Walla Walla County 2011 budget nears final approval

The latest moves include concessions from three of four unions representing county employees.

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WALLA WALLA - Walla Walla County commissioners began to close in on approval of the county's 2011 budget Friday.

Commissioners approved a memorandum of understanding with the deputy sheriff's union under which the deputies agreed to a 12-month deferral of their cost-of-living increase. The agreement meant there will be no reduction in the current complement of 24 commissioned deputy sheriff positions.

Commissioners and outgoing Sheriff Mike Humphreys told the union representatives, Sgt. Gary Bolster and Sgt. Tom Cooper, to relay their thanks to the deputies for being willing to work out solutions during a difficult budget year.

"The officers met with the other commissioned deputies and voted unanimously to do this and my hat's off to them," Humphreys said. "This will hopefully save jobs and I truly thank them."

The agreement was the latest step in negotiations to close major gaps in the coming year's budget brought on by flat or severely reduced revenues. Commissioners will resume their deliberations Monday and hope to approve the budget and property tax levies either that day or Tuesday, said Gregg Loney, commission chairman.

County revenues from property taxes, real estate excise taxes, new construction, sales tax and investment income have stayed flat or dropped dramatically compared to previous years, said County Treasurer Gordon Heimbigner.

As an example, new construction has dropped from more than $182 million in 2009 to a projected figure of about $45.7 million in the coming year, Heimbigner said. Property tax revenues have remained flat while real estate excise taxes have dropped from $380,667 in 2008 to a projected figure of $130,800 in 2011. Interest income from investment of county funds has dropped from $806,266 in 2008 to about $260,000 this year.

At an earlier budget workshop, Loney said the initial gap between projected revenues and expenditures in the current expense fund was $1.7 million, which pays for much of the county's day-to-day operations. But that swelled to about $2.1 million after medical insurance costs were added.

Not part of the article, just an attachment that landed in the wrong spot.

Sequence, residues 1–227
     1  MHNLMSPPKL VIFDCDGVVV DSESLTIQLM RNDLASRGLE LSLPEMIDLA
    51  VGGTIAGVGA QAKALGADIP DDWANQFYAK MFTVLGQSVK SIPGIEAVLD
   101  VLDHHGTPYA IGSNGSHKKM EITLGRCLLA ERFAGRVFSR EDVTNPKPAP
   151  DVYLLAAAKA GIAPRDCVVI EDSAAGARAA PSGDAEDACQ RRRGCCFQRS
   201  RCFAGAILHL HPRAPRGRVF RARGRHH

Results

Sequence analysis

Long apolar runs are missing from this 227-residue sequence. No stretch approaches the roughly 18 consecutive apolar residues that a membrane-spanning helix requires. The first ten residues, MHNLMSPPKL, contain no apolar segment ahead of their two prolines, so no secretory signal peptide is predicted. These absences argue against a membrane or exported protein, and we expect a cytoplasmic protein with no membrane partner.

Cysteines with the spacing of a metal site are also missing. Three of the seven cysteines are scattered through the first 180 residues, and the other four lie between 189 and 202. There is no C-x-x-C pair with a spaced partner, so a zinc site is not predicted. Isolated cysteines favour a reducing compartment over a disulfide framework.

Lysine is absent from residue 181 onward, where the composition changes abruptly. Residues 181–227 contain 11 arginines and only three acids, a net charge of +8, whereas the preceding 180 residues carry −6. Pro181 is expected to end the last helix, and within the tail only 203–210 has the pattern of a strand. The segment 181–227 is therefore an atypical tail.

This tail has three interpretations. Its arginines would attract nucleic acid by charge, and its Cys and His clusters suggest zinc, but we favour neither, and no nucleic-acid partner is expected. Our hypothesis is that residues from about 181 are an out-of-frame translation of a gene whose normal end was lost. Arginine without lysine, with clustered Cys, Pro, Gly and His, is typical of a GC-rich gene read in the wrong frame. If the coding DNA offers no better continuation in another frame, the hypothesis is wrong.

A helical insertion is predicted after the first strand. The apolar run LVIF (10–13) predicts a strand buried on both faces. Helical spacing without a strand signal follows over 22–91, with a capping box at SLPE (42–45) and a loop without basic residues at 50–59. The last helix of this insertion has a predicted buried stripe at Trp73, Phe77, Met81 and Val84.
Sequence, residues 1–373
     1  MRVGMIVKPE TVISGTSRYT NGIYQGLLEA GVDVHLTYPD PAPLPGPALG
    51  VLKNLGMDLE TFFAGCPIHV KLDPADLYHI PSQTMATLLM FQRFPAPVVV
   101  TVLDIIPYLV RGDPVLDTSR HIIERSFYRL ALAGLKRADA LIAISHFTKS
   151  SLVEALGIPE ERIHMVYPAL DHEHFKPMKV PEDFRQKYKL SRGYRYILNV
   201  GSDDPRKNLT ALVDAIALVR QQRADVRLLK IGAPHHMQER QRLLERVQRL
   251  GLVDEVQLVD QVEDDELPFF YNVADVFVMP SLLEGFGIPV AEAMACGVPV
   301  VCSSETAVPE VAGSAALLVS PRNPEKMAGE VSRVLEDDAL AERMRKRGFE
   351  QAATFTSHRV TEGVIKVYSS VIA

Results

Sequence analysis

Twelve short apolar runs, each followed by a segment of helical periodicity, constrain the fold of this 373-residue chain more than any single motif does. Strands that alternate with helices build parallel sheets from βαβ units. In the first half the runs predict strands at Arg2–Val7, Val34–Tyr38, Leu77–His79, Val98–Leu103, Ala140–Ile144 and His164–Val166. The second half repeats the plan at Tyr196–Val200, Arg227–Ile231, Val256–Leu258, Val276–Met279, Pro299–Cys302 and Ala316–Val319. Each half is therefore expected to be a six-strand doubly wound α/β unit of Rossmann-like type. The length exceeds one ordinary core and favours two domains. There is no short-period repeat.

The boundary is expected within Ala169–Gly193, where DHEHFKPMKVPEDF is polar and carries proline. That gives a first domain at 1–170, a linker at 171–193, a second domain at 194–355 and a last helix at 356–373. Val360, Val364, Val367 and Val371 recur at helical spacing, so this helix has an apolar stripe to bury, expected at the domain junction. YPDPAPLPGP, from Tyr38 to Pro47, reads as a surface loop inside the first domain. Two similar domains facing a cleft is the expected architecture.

As a result of negotiations, three of the four unions representing county employees have agreed to various concessions that have helped shrink the gap.

In addition to the agreement with the deputies' union, the union representing Public Works and Road Department employees agreed to concessions in medical insurance costs and the union representing courthouse employees has agreed to accept six unpaid furlough days this year.

The Public Works Department, which Loney noted has a separate source of funding and is not in the same financial position as the current expense fund, has also instituted various cost-savings measures such as staff reductions through attrition and not re-filling positions.

As part of the negotiations, both unions requested, and received, a condition that union membership would be required for employment, according to a letter sent out by commissioners earlier this month.

The union representing sheriff's officers who work in the County Jail did not agree to any concessions, according to commissioners.

The county's Public Health Department and Human Services Department, which largely depend on state funds for their operations, have already instituted unpaid furlough days with employees scheduled to take one day a month off during the coming year.

Loney and fellow commissioners Greg Tompkins and Perry Dozier have also agreed to take six furlough days in 2011. Since commissioners cannot reduce their salaries, they will pay back the wages for the six days into the county's general fund, Loney said.

Andy Porter can be reached at andyporter@wwub.com or 526-8318.

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